3. Choose a good research question: The research question that will guide the research process can be created from the list of questions developed in the previous step. The question can be revised to ensure that it is clear, focused, complex, and answerable.
4. Evaluate the question: Ensure the question is answerable and not too broad or too narrow.
5. Start researching: Use the question to start researching. Revise the question as needed.
The researcher might need to adjust the research question after beginning the study. Research may reveal new aspects, or the researcher might discover that the question is too narrow or too broad. After some early research, the question can be revised to ensure that it is appropriately clear, focused, complex, and answerable.
It is important for the researcher to choose a topic that they find interesting and will enjoy researching. The first step is selecting a general topic for research. The specific inquiry will be determined by the research question.
These topics are all suitable for research because inquiries can be made about them. The topics are very general, but they will be narrowed down through the process of writing a research question. For example, parenting styles is a very general topic and will produce many search results. The researcher would not know where to start with all the information available; the general topic would not be able to guide the study in a specific direction. Once the topic is narrowed down through the use of a question, however, it might result in a specific topic to study.
After selecting the general topic of parenting styles, the researcher can write a variety of questions they would like to answer. From that list, the researcher can formulate the question that will guide the research. In this case, the researcher could use the question, "How does a parenting style impact discipline?" This question is clear, focused, complex, and answerable. It is neither too broad nor too narrow, and it is answerable through data collection or a literature search.
A research question is an inquiry about a topic that can be answered through research. It is the initial step in a research project, and it will guide and focus the research. The research question will help the researcher form a hypothesis, or proposed idea that can be tested.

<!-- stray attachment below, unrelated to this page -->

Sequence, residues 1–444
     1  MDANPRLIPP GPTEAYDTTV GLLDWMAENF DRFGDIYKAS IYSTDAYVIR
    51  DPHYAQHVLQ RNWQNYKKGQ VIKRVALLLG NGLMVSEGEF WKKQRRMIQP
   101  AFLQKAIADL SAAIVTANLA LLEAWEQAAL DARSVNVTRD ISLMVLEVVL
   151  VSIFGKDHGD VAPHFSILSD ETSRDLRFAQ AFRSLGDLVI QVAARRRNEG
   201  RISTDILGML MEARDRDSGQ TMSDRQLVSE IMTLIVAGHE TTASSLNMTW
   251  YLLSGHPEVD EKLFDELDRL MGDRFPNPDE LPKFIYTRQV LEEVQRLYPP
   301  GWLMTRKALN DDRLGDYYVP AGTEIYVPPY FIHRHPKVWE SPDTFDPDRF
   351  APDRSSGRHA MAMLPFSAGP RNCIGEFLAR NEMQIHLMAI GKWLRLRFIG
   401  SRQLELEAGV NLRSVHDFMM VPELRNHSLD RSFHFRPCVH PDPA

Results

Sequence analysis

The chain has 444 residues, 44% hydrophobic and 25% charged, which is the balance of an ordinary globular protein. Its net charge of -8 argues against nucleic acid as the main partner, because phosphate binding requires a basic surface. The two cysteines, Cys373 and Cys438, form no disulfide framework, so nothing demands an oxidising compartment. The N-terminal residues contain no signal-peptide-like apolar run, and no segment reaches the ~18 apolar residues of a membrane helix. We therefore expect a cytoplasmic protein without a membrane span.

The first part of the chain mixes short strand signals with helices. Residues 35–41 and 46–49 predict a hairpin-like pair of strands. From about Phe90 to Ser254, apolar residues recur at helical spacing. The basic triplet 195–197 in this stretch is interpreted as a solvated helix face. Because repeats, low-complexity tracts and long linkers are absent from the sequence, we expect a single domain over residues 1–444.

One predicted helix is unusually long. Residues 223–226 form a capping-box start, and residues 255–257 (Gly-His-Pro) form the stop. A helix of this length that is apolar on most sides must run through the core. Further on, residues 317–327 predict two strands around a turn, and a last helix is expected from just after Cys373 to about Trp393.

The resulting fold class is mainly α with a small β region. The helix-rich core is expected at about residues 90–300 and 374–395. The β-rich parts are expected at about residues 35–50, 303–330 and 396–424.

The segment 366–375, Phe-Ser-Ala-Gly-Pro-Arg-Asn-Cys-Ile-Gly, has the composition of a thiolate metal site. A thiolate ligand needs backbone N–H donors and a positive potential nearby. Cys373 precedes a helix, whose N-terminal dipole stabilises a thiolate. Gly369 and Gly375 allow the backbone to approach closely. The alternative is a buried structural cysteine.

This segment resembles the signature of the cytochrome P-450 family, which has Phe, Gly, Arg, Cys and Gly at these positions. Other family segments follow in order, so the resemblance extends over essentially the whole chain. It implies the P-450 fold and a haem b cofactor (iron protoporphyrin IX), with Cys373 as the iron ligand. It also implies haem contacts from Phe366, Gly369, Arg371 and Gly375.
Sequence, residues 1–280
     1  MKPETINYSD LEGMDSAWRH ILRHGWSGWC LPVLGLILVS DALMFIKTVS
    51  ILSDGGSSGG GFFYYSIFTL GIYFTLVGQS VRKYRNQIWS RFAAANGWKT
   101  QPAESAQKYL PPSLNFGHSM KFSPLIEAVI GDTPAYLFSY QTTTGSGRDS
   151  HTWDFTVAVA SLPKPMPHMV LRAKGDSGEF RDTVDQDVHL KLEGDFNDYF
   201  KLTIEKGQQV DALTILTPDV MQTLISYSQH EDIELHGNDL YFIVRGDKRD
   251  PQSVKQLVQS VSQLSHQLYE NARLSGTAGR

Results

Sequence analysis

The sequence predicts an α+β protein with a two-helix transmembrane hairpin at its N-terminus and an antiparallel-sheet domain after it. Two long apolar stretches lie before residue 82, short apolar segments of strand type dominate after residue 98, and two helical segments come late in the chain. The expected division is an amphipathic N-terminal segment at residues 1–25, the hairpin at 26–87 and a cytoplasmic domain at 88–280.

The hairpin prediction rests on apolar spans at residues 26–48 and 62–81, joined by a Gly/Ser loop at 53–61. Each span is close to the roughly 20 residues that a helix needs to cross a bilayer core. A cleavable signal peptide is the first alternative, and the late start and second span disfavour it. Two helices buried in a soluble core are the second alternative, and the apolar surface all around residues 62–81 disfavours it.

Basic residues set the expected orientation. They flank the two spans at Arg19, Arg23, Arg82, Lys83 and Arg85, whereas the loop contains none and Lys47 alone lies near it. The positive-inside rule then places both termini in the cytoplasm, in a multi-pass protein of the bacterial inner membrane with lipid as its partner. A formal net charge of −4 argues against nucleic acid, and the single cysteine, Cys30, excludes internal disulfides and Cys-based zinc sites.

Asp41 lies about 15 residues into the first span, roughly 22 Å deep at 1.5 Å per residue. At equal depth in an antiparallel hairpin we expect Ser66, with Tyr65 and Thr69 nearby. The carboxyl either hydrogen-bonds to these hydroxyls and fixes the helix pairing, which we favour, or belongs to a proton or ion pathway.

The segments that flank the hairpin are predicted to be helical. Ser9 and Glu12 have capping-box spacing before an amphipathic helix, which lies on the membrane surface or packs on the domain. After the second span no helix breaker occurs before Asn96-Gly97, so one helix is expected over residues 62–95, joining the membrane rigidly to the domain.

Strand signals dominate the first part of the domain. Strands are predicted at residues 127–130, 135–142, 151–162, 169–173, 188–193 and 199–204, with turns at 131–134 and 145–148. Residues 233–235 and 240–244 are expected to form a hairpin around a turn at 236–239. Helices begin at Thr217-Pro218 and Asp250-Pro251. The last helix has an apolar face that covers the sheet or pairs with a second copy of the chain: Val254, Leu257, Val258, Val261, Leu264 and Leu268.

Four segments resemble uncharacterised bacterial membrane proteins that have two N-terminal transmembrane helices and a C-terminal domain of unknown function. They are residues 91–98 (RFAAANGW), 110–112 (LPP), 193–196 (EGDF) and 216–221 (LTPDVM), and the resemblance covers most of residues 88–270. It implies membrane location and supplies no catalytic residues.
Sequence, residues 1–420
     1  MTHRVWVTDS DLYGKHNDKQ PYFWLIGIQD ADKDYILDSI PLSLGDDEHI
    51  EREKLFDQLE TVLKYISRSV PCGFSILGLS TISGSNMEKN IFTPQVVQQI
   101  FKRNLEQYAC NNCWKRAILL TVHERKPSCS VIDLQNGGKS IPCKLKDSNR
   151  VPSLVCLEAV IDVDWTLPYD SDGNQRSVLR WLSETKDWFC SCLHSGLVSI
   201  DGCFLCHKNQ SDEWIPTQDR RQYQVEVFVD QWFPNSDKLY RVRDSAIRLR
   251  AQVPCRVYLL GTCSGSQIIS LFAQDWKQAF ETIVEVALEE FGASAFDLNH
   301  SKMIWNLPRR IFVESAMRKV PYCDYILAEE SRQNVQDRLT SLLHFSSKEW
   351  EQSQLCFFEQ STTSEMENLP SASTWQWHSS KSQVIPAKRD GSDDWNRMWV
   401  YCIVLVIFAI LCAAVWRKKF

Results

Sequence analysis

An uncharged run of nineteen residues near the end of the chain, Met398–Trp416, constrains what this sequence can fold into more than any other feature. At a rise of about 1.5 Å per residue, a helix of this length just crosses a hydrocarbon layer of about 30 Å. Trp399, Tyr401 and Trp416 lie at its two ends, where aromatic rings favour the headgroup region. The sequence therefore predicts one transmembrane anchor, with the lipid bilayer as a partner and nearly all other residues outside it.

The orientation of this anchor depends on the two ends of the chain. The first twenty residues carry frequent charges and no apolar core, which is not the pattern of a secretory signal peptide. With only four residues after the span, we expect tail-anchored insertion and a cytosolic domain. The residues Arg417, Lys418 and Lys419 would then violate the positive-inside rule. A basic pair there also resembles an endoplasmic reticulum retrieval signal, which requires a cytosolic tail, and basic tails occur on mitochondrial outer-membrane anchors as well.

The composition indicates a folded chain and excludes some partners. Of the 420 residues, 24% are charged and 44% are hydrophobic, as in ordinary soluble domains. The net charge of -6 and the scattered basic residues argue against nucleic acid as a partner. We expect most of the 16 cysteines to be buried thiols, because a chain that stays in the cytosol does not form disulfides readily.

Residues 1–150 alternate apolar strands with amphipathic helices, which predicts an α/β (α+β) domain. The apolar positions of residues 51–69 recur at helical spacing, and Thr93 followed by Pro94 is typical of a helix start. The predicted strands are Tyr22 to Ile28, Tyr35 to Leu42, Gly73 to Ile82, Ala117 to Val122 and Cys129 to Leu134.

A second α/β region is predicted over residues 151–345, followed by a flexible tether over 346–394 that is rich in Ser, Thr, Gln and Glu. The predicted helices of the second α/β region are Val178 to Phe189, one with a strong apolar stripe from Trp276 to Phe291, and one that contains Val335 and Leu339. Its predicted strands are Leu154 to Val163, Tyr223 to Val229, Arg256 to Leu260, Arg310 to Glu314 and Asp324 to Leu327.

Effective research questions are clear, focused, complex, and answerable.
Research questions should not be too broad or too narrow. By writing a question that is just right, the researcher is setting the research project up for success. A just right question will lead to a variety of search results, critical thinking, and synthesis from a variety of sources.
Following these steps will help a researcher write a question that will be the groundwork for their research:
1. Select a general topic of interest.
2. Ask questions about the topic.
3. Write an effective question (clear, focused, complex, and answerable) based on the inquiries in step 2.
4. Evaluate the question.
5. Start researching, and revise as needed.
Suitable topics allow for research and inquiries. Writers might start out with a very general topic, but this will be narrowed down during the research process.
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General research topics can be anything that suggests an inquiry that can be researched. To begin, researchers start with a general, broad topic. The topic is then narrowed down through the research question.
A research question is the question that guides research and centers the research process. A research question can be defined as an inquiry about a specific topic, issue, or concern that can be answered through research.
Writing a research question is the initial step in the research process. To write an effective research question, researchers should follow these steps:
1. Select a general topic of interest.
2. Ask questions about the topic.
3. Write an effective question based on the inquiries in step two.
4. Evaluate the question for effectiveness.
5. Start researching and revise as needed.
Research questions need to be clear, focused, complex, and answerable. They should not be too narrow or too broad. The research question should guide and refine the research.